Communicating science to the public can be hard. Climate change is the most notorious example, but the public debates around vaccinations and evolution have also exposed a lack of understanding of how the public engages with science.
The old way of communicating science was known as the “deficit model”. It’s the idea that the public has a deficit of understanding, so experts simply need to feed them more facts.
Sticking with climate change as an example, it’s now clear that more factual knowledge of the topic does not make a person more likely to believe in human-induced climate change.
But scientists still generally favour focusing on facts and accurate reporting of science over other communication strategies such as framing messages to resonate with audiences’ pre-existing beliefs.
The concept of framing assumes that the facts, unfortunately, don’t speak for themselves.
But there are some encouraging signs of a more deft approach to engaging the public in science, one that appeals to a sense of wonder.
Festivals can help
The World Science Festival Brisbane, on this week, is a great example of doing something with science that can attract the public’s attention.
Now in its second year, in 2016 the festival attracted around 120,000 people over five days in March. To put that in context, there were two major sporting events in Brisbane during that same period – an NRL game featuring the Broncos and an A-League game for the Roar – with a combined total attendance of 51,122.
So the festival clearly was doing something right to attract such a large audience.
How does it do it? The festival features a solid dose of narrative with visual arts and live theatre, along with events that incorporate kids’ entertainment. It’s aimed at connecting with people’s pre-existing cultural identities.
People want to have their identities affirmed rather than challenged, and the festival gives them music, local culture, food-related events and the kinds of activities they already like. This is partly achieved simply by having events at the festival that are entertainment first, science second.
Of course the festival is not alone and there are many other examples of entertainment-driven science communication. These range from the better executed science related exhibits at museums, to YouTube channels and even webcomics.
When Hollywood gets it right
The traditional media also has a role to play in helping people to better understand science, although we are still awaiting the ABC’s replacement for Catalyst.
But film and television can help, as long as they get the science right in the first place – or at least get it as close to what is known at the time of production.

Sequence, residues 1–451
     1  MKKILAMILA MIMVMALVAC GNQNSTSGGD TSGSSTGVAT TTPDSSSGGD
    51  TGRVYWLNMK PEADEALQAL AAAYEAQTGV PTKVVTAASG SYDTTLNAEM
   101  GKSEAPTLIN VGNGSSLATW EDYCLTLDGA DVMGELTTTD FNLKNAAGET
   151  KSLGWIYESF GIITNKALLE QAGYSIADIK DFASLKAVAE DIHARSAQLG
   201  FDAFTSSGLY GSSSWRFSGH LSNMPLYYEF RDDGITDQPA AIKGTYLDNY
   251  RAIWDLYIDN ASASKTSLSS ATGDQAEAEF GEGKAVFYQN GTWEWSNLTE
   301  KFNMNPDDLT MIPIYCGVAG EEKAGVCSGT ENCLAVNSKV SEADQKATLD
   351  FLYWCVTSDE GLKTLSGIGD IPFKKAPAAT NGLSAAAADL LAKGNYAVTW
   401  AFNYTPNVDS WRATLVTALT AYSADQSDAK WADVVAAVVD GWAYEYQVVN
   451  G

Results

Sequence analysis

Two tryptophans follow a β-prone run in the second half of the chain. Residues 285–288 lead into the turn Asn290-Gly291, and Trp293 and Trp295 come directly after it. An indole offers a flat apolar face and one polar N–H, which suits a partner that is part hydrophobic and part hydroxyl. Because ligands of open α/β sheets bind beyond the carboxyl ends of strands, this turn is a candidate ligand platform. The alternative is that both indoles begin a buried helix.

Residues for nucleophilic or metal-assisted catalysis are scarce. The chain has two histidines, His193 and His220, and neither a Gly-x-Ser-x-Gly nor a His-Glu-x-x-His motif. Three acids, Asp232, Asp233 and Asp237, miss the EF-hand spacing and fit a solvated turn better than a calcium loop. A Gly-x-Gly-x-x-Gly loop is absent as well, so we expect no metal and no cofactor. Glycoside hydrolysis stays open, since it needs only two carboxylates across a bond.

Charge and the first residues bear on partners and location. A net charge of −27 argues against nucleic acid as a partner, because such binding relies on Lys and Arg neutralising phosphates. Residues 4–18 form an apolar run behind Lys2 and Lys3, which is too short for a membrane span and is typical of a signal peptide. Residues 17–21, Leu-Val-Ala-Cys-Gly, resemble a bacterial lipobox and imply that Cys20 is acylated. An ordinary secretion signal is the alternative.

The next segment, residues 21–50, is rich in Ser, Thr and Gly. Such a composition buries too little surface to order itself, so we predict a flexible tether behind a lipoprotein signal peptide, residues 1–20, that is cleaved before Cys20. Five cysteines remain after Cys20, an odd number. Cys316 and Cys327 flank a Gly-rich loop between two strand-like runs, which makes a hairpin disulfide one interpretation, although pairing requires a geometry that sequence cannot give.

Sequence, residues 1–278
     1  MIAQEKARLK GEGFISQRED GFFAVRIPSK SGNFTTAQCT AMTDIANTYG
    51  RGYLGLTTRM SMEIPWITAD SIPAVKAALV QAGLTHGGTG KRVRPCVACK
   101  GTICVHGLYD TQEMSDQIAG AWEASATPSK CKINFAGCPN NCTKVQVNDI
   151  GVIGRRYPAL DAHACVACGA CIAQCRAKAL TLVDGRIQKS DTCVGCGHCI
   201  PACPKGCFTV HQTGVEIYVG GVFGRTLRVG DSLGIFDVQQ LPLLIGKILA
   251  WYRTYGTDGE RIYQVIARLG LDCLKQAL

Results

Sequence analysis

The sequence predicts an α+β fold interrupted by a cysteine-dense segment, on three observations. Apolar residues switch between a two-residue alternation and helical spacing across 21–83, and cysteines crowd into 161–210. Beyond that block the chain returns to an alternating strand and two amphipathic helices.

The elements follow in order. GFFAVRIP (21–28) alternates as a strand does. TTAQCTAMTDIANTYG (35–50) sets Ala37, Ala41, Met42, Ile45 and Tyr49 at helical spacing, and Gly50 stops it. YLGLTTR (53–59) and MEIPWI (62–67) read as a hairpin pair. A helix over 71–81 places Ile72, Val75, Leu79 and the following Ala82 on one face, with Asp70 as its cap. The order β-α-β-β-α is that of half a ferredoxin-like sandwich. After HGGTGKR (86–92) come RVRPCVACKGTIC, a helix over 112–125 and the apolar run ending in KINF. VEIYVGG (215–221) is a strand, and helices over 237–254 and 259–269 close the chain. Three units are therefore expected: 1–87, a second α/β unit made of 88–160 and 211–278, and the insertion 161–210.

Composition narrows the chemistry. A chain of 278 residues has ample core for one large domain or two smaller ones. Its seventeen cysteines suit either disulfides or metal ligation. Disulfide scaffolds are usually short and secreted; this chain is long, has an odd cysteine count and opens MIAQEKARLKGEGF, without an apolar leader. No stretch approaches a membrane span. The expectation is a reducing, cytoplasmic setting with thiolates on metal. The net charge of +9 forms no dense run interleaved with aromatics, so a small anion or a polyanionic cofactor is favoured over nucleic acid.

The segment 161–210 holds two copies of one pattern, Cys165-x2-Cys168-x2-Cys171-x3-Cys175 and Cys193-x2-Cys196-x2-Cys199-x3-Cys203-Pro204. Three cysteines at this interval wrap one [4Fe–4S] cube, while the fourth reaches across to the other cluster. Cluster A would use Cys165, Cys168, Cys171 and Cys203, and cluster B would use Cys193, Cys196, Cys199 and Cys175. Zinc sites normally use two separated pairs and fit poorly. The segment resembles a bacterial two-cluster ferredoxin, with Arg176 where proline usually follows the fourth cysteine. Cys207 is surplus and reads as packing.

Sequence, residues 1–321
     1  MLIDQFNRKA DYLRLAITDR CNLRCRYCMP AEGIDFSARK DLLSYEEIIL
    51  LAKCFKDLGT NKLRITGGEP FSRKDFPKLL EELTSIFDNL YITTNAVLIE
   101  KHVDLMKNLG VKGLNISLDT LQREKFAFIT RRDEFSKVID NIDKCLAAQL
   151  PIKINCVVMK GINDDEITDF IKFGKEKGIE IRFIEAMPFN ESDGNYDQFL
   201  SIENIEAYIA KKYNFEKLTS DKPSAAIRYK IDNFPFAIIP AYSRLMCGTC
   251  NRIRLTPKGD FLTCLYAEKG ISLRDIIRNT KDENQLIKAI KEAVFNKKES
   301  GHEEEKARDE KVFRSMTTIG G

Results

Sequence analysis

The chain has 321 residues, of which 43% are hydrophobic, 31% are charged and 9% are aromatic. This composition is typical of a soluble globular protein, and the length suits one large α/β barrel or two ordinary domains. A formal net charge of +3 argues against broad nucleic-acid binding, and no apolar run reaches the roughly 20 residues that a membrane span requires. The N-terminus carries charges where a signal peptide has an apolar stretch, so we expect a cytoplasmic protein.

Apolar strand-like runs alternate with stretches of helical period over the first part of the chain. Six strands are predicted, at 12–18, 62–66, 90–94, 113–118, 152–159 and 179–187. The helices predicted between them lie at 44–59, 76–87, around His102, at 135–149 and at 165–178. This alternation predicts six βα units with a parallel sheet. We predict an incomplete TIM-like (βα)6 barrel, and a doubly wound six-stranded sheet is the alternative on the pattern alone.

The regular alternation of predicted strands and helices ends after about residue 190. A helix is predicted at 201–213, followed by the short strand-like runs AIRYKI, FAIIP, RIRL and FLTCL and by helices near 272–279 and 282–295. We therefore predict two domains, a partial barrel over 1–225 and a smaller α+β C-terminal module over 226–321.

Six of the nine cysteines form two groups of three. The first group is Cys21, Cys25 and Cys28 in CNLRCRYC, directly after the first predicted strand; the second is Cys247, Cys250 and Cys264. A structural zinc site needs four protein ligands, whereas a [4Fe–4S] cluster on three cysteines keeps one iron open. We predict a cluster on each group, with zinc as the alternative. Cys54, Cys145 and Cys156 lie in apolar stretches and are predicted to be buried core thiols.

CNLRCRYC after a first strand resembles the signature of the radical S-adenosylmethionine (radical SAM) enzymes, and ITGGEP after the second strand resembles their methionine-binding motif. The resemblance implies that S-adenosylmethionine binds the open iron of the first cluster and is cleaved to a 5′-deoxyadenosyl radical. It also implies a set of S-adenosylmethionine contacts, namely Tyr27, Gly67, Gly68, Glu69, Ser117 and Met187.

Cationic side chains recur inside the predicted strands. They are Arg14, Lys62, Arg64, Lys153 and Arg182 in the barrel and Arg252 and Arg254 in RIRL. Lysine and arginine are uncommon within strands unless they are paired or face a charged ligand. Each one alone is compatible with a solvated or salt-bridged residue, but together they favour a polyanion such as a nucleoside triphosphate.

This is something the science festival has tapped into with screenings of several popular films including the 2014 movie Interstellar, which is certainly science fiction.
Interstellar’s director, Christopher Nolan, employed the physicist Kip Thorne as a scientific consultant. Thorne’s scientific credentials are impeccable. Among many other contributions to theoretical physics, he was one of the main scientists responsible for the project at LIGO that last year discovered gravitational waves.
Thorne worked closely with Nolan to make sure the science in the film was at least plausible according to today’s knowledge. He even wrote a book about the film’s science.
Interstellar is a great example of the way science communication can be packaged in ways that are less direct. It is grounded in actual science and its plot involves catastrophic climate change occurring in Earth’s near future.
The film has already been seen by tens of millions of people, making it a potentially strong ally in the effort to raise public understanding of the risks of climate change.
Another film showing at the festival is Voyage of Time directed by Terrence Malick. This is a wonder-driven exploration of nature, from the birth of the cosmos to the end of time.
The film, poetically narrated by Cate Blanchett, is part documentary, part spiritual meditation. It is obvious that it was not produced by old-school science communicators.
It’s particularly encouraging because it comes from a more socially conservative director. But the film is still based on modern knowledge of cosmology and evolutionary theory.
It has the potential to resonate with new audiences on levels that traditional science communication efforts cannot.
Of course, Hollywood doesn’t always get the science right, and there are plenty of examples of science in films being wrong.
What science can learn from entertainment
If scientists want to entertain an audience then perhaps they need to learn more from the world of entertainment.
The founder of the World Science Festival is Brian Greene, a theoretical physicist and popular author. Among writers of popular science, Greene is almost universally acknowledged as a master of communicating very difficult ideas in highly accessible writing.
This is perhaps no surprise when you learn he comes from a lineage of vaudeville performers and clearly has a theatrical bent. His efforts at fusing science communication with entertainment are just one step towards a more sophisticated way of engaging the public.
Greene has not shirked the most difficult topics in modern physics, such as the strangest results of quantum measurement and their confounding interpretations. But his books are still mainly aimed at people already receptive to science.
So his shift to the cultural scene, with annual science festivals now in Brisbane and New York, signals an awareness of the wider problem of developing scientific knowledge among other sectors of the population.